Friday, July 11, 2014

Slate/NSF: The modal outcome of a chemistry Ph.D. is a postdoc

Credit: Jordan Weissmann
Jordan Weissman has tabulated the NSF's Survey of Earned Doctorates' "employment status at graduation" data into a really great set of graphs at Slate. He did it for life scientists, chemists, physicists (holy moly, look at all them physics postdocs), mathematicians, computer science Ph.D.s and engineering Ph.D.s. It's really worth a look. His comments on chemists:
The near-term picture for chemists isn’t a whole lot rosier. Again, postdocs are hovering above 40 percent. Employment, after popping in the ’90s, fell to a plateau around 25 percent in the ’00s.
Of course, if you look at the percentage of employed computer scientists and engineering Ph.D.s, you will soon find yourself saying "STEM is really TE." Here's how Weissmann puts it:
One of the problems with the entire concept of STEM is that the acronym combines several distinct disciplines with different job markets, and encourages politicians and journalists to talk about them as if they were one and the same. 
I couldn't agree more. The term "STEM" makes us stupid and mashes together categories that don't belong together. 


  1. Taken from the conclusion of the Slate article: "Is this a tragedy? No, especially because Ph.D. holders, in the long term, tend to make good salaries and leave school with low graduate student debt."

    They make it sound like having a PhD is a guarantee -or close to it- to a reasonable salary which, in my experience, isn't anywhere near the case. Not anymore. It's an apex fallacy (i.e. making a judgement about a group based on the success or failure of those at the top rungs, rather than as a collective). The most successful PhD holders are the most visible, the most prominent, while the rest is somewhere in obscurity.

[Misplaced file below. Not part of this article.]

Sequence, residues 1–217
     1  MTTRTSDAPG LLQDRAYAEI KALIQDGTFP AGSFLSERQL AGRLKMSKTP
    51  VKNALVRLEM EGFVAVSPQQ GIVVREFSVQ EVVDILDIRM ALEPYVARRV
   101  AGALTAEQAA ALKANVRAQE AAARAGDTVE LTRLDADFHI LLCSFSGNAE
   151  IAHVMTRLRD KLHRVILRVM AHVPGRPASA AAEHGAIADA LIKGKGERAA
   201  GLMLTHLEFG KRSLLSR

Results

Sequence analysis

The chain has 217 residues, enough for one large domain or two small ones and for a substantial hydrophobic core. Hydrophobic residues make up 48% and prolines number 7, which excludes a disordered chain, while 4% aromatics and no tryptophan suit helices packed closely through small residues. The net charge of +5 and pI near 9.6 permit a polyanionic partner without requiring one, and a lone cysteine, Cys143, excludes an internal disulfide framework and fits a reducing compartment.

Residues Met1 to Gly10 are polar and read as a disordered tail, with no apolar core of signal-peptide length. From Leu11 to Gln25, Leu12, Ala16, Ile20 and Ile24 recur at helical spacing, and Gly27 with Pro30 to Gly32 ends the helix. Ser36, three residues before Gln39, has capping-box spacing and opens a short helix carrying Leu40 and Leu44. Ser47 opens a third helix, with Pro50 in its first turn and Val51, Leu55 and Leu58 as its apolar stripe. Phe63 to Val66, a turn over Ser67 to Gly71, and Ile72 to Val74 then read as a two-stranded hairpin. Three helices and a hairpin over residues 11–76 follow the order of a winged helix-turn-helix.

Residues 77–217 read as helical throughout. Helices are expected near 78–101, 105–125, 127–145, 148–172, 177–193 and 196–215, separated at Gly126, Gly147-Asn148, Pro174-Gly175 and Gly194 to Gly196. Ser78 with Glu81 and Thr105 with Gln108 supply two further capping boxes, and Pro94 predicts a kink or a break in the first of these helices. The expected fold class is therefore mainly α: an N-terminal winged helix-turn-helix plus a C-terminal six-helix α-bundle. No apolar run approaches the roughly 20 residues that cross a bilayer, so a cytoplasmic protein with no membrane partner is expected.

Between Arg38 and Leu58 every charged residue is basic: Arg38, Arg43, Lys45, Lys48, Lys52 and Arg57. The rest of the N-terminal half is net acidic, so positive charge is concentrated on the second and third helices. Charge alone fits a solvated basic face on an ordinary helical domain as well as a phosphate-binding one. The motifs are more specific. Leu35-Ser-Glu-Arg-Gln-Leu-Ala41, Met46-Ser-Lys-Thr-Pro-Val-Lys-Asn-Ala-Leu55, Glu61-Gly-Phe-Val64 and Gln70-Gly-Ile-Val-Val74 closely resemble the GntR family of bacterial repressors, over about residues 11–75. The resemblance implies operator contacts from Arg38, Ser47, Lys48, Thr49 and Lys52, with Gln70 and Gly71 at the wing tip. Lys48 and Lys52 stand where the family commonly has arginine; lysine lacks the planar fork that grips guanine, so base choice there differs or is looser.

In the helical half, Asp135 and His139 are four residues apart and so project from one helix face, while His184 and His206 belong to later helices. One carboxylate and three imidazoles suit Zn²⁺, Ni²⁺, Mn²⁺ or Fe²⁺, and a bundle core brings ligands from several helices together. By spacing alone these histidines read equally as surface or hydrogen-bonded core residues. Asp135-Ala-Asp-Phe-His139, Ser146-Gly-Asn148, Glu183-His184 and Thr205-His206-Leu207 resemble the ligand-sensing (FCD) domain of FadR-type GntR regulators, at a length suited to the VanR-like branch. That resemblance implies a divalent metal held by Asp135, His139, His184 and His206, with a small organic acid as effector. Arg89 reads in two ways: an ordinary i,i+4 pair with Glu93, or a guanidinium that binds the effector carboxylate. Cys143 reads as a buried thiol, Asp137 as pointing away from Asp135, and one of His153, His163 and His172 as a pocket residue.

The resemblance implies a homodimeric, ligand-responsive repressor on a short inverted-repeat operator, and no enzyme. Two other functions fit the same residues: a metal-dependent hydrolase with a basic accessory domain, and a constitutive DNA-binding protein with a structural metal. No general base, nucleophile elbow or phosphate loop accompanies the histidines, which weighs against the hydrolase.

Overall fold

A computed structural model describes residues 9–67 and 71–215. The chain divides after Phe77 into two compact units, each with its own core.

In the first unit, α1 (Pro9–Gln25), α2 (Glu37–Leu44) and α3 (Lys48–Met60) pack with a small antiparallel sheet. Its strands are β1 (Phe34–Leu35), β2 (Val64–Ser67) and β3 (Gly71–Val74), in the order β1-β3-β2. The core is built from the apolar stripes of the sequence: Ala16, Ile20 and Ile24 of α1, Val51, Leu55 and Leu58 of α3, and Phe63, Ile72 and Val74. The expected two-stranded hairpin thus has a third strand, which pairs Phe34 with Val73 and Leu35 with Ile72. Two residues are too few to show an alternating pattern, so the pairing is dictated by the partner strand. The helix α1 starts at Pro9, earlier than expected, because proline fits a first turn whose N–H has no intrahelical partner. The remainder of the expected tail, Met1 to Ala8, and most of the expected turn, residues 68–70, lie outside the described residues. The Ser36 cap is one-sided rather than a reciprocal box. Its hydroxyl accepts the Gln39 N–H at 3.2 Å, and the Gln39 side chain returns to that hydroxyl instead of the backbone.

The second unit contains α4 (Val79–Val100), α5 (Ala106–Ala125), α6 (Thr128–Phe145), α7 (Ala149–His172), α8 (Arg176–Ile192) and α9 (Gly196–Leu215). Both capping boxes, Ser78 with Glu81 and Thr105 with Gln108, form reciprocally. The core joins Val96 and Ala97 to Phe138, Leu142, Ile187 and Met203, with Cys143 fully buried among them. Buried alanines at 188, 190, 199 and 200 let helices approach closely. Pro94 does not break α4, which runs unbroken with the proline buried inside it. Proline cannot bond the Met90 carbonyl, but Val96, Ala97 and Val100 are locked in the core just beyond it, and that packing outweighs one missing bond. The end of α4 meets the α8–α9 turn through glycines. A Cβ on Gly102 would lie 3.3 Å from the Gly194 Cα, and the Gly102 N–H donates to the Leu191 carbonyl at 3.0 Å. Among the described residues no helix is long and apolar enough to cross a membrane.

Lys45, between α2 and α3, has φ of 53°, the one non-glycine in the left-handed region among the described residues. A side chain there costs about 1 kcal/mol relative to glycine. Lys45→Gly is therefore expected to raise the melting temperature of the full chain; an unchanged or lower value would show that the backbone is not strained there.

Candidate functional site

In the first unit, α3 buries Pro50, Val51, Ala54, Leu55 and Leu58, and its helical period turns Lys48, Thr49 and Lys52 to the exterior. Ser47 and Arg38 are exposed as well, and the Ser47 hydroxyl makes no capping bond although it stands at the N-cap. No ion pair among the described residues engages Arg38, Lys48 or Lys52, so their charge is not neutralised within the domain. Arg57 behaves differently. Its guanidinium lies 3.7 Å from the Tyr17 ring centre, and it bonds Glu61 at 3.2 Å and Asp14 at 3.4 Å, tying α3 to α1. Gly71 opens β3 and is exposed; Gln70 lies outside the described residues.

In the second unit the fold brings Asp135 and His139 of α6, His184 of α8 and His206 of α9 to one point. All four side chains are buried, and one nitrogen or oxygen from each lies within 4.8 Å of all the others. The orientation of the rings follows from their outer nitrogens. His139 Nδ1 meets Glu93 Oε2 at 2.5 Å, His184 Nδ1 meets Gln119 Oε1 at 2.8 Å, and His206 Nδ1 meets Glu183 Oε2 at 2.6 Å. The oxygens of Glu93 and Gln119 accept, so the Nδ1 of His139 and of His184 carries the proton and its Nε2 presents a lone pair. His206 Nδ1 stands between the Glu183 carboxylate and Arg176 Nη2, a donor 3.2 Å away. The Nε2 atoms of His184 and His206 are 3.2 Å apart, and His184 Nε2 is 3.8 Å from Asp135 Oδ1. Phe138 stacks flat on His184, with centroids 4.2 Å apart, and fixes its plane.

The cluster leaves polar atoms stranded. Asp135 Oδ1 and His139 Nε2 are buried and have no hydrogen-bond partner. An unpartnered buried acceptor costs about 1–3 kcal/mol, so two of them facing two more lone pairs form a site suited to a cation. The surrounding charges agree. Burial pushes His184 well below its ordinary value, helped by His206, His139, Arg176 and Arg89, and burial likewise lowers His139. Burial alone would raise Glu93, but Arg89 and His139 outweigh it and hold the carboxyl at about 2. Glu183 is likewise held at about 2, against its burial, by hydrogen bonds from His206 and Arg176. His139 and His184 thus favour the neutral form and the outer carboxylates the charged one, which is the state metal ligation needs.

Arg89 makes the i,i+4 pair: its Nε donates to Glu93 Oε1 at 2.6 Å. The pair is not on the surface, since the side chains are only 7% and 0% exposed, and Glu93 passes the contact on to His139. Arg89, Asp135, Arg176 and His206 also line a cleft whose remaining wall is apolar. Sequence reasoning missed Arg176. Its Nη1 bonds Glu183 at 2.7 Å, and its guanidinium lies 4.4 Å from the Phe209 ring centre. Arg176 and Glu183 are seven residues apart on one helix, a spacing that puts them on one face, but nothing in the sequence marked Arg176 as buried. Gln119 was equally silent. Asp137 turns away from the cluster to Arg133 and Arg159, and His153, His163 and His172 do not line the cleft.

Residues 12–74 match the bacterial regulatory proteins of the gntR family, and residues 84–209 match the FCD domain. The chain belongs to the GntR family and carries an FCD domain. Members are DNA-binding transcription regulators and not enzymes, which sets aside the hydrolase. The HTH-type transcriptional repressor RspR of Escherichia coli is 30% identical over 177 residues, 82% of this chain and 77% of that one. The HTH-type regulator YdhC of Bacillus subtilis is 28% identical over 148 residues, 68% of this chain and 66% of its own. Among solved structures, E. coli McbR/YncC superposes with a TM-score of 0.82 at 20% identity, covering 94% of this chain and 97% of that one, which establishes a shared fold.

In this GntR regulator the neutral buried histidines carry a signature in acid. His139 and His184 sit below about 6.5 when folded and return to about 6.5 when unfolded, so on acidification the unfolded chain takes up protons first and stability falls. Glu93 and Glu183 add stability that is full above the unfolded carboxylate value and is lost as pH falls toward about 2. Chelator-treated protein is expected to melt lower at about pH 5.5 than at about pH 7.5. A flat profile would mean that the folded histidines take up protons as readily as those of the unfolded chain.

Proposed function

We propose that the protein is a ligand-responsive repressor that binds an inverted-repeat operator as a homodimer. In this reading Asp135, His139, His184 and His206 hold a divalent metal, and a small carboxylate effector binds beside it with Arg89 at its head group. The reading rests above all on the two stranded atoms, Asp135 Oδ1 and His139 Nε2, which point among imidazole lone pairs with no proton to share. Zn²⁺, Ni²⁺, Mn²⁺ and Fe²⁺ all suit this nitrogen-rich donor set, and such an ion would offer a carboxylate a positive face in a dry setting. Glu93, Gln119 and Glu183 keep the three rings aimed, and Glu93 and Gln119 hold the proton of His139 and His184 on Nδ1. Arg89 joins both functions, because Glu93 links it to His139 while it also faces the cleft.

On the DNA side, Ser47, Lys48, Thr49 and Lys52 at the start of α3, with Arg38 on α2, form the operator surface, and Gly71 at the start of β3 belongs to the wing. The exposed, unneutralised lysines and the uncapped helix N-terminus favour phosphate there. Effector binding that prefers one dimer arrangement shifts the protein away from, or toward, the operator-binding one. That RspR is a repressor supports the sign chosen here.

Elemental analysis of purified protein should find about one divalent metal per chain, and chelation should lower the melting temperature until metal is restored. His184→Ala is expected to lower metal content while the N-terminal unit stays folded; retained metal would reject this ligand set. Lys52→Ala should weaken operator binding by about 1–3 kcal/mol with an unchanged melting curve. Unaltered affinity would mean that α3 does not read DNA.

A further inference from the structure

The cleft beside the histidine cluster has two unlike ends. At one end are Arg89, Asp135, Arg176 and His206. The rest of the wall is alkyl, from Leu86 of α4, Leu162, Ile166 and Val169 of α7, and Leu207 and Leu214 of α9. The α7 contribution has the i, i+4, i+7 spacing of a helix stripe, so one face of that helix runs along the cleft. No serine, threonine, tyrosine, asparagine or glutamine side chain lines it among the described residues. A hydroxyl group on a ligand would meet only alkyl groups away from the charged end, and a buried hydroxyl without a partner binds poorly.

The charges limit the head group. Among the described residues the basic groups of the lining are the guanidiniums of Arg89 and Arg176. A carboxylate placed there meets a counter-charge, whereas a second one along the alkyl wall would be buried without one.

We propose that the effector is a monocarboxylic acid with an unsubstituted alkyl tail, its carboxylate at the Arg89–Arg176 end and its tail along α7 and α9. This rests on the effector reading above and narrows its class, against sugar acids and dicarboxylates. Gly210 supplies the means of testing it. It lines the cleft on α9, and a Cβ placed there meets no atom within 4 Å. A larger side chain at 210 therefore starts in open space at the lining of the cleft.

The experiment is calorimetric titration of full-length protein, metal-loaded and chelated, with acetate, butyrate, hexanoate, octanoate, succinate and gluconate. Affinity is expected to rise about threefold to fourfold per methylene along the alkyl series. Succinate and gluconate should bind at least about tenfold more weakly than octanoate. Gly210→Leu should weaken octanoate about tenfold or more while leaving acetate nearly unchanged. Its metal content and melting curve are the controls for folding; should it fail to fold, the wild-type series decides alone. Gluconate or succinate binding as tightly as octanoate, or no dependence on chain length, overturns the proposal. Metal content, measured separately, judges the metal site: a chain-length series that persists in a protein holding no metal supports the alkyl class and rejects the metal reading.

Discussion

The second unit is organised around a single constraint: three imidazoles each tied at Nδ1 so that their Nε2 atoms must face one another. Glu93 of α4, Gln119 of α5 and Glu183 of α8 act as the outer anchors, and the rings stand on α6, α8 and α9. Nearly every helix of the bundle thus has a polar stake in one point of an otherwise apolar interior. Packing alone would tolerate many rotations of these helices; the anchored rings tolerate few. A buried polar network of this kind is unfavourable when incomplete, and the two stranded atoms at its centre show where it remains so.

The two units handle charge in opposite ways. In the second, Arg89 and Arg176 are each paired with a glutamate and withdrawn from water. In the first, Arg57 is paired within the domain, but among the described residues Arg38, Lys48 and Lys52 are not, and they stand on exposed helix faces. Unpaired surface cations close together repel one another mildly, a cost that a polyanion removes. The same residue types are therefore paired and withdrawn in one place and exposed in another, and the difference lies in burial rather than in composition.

1. Unstable IsotopeJuly 11, 2014 at 7:08 PM

      It would be interesting to see the income distribution graph among categories for chemistry, especially academic salaries. I wonder how much using mean salary obscures the salary distribution.

  2. And what exactly do postdocs do after they've finished? Find that you are overqualified for PhD level jobs, but lacking in any kind of industry experience?

    At least the Tour de France is on while I apply for jobs at home today.

    1. "And what exactly do postdocs do after they've finished?"

      Do another postdoc, hehe.

  3. PhD holders should leave graduate school with zero graduate student loan debt. It's the undergraduate debt that is piled high and deeper if you know what I mean.

    So basically about 60-70 % of recent PhDs are unemployed, stuck in post-docs, or do something else (other). That bodes well for recruiting new students to the field going forward.